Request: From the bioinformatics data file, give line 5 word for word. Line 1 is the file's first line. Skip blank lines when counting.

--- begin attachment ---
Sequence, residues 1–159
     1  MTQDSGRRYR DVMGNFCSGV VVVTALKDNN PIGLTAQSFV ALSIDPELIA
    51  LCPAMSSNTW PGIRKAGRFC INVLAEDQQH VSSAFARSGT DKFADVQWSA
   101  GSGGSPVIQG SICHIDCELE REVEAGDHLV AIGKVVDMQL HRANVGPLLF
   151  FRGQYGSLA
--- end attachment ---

   151  FRGQYGSLA